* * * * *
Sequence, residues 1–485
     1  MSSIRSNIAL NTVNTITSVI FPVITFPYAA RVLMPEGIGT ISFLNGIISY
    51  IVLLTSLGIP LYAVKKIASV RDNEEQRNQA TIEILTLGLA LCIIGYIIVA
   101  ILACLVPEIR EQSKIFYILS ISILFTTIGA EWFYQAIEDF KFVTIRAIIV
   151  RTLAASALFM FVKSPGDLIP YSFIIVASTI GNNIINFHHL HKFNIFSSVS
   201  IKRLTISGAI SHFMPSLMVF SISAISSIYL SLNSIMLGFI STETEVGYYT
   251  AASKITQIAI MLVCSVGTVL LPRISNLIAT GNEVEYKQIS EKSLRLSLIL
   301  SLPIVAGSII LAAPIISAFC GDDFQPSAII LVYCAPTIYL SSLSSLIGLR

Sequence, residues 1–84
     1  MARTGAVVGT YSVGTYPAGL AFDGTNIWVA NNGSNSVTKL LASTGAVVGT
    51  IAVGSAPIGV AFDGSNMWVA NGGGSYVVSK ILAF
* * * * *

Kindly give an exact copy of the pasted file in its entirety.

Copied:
Sequence, residues 1–485
     1  MSSIRSNIAL NTVNTITSVI FPVITFPYAA RVLMPEGIGT ISFLNGIISY
    51  IVLLTSLGIP LYAVKKIASV RDNEEQRNQA TIEILTLGLA LCIIGYIIVA
   101  ILACLVPEIR EQSKIFYILS ISILFTTIGA EWFYQAIEDF KFVTIRAIIV
   151  RTLAASALFM FVKSPGDLIP YSFIIVASTI GNNIINFHHL HKFNIFSSVS
   201  IKRLTISGAI SHFMPSLMVF SISAISSIYL SLNSIMLGFI STETEVGYYT
   251  AASKITQIAI MLVCSVGTVL LPRISNLIAT GNEVEYKQIS EKSLRLSLIL
   301  SLPIVAGSII LAAPIISAFC GDDFQPSAII LVYCAPTIYL SSLSSLIGLR

Sequence, residues 1–84
     1  MARTGAVVGT YSVGTYPAGL AFDGTNIWVA NNGSNSVTKL LASTGAVVGT
    51  IAVGSAPIGV AFDGSNMWVA NGGGSYVVSK ILAF